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From the Money Snapshot: Readers’ Tips on Paying Down Debt – Corporette.com


What are your best tips for paying down debt, readers? Which decisions regarding tackling debt — from student loans to mortgages and beyond — have you made that have worked out well, and which haven’t?

Our Personal Money Snapshot series has become a reader favorite (we’re always looking for submissions!), and we’ve started taking advantage of the many posts we’ve published to highlight the info and advice these professional women have generously shared. Our first topic was favorite personal finance resources; today’s subject is paying down debt.

In our Money Snapshot questionnaire, we ask the following questions about debt:

Corporette reader favorites - most bought items in July 2021
  1. What does your debt picture look like? How did you incur it?
  2. How much money are you spending each month to pay down debt?
  3. Have you paid off any major debt?
  4. Have you ever done anything noteworthy to avoid or lessen debt?

We recently took another look at these readers’ answers to summarize their tips and share them today!

Professional Women’s Tips on Paying Down Debt

Refinance your student loans

When you refinance your student loans, you consolidate them into a new loan with a single payment. The advantages are a lower interest rate, a lower monthly payment, and better repayment terms. A while ago, we shared a guest post from a reader who wrote about her experience refinancing her student loans. Setting aside that general advice for a minute, this August 2021 CNBC article explains why you shouldn’t refinance public student loans right now:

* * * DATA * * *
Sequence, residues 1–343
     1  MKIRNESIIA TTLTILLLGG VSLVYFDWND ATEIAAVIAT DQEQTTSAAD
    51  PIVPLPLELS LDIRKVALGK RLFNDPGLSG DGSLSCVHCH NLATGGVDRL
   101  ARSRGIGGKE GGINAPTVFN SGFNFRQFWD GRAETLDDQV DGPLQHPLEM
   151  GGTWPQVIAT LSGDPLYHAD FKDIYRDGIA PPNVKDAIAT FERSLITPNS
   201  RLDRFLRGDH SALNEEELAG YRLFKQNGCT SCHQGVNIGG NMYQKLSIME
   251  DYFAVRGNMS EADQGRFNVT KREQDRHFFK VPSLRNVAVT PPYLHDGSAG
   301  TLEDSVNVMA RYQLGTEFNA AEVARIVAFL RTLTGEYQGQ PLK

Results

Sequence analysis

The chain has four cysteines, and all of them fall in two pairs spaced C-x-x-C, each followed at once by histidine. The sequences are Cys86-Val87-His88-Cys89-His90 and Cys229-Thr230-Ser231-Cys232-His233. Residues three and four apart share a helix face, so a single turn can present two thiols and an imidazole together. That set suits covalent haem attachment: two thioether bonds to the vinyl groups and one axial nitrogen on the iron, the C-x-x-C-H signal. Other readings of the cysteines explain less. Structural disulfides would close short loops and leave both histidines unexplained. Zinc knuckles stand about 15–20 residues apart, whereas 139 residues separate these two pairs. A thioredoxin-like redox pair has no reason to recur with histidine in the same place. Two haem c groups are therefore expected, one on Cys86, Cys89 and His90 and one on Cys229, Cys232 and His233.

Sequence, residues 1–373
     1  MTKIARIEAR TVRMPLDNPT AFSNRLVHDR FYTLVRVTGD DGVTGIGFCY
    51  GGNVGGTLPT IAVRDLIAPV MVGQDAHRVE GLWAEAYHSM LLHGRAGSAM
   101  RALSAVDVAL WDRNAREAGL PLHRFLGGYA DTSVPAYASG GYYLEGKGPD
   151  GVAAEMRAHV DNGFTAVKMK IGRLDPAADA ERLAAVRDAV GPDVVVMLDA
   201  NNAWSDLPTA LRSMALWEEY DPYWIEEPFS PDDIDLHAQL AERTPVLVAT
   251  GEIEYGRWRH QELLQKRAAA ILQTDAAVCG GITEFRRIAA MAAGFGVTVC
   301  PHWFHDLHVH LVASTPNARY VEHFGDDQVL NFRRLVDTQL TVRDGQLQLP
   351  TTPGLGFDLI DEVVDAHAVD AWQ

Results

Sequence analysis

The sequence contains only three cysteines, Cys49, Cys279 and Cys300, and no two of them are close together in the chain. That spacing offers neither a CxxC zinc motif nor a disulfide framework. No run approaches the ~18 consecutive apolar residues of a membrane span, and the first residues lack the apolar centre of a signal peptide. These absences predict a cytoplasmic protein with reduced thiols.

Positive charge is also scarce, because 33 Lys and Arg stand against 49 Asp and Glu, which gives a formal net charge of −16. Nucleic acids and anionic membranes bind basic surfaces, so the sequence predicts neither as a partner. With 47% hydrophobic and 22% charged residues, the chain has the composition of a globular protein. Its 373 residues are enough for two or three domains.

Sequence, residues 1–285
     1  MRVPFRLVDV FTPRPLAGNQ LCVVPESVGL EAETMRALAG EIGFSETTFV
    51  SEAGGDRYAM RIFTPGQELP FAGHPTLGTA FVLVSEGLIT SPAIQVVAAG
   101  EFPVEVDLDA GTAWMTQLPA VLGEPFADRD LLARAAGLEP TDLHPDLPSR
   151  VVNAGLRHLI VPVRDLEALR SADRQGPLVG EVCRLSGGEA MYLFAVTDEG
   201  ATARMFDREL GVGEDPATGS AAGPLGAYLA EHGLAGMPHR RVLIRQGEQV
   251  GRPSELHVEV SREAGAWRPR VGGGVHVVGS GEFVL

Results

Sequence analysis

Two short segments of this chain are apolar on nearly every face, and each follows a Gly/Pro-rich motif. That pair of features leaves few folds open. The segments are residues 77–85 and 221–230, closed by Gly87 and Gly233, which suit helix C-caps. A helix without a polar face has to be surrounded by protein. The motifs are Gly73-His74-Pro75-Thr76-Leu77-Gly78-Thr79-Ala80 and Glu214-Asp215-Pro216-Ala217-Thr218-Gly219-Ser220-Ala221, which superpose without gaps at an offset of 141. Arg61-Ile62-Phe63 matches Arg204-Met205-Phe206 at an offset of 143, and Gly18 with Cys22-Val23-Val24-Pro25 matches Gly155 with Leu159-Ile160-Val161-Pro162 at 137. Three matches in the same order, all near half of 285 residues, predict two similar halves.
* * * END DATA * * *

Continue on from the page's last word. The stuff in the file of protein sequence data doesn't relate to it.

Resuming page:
[W]hen you refinance a public loan, it becomes a private one and is thus no longer eligible for certain programs such as the current pause on payments and interest. It also means borrowers can’t enroll in different repayment plans or get certain types of loan forgiveness.

Refinance your mortgage

As of September 15, 2021, low interest rates make refinancing a good idea — depending on your particular situation, of course. (My husband and I refinanced earlier this year — we bought our house in 2008 — and we drastically reduced our interest rate and shortened our loan term. We switched from a big corporate bank to a local credit union, which I also recommend!)

{related: how to pay off big student loans}

Pay down your highest-interest debt first

We’ve previously mentioned this strategy in our post on paying down debt vs. saving. This strategy will help you pay less overall in interest charges. (Doing a balance transfer to help tackle credit card debt is an option you can use in tandem with this — here are some basics.)

Pay extra principal on your loans if you can

When you do this, you’ll pay less total interest on a loan and pay it off faster. A couple of readers wrote that they pay $100 extra on their mortgage every month, while another said that she and her husband make payments on their 30-year mortgage as if it were a 15-year. Another contributor mentioned paying 1.5x her monthly student loan payment. (Just make sure that your bank is solely applying the extra funds to the principal.)

{related: how to make a budget}

Reduce your expenses and direct the savings to loan payments

Money Snapshot readers’ strategies include moving in with your parents temporarily, living with roommates rather than getting your own place yet; buying a home for which the mortgage payment equals your monthly rent, “living with a third person in a sub-900 square feet, 1-bathroom condo,” “choos[ing] experiences and time over material items,” and moving to a LCOL area.

{related: paying down debt vs. saving}

Follow the advice of a personal finance expert

Dave Ramsey is a polarizing guy, but several Money Snapshot contributors said they follow his principles to pay off debt. (We included him in our posts on the best financial resources for professionals — with a caveat — and the best financial books for beginners.) For focusing on debt specifically, one of the readers recommended The Value of Debt in Building Wealth by Thomas J. Anderson [affiliate link].

Readers, do tell: What have you done to pay down debt? Have you paid off any large loans?

Stock photo via Deposit Photos / payphoto.





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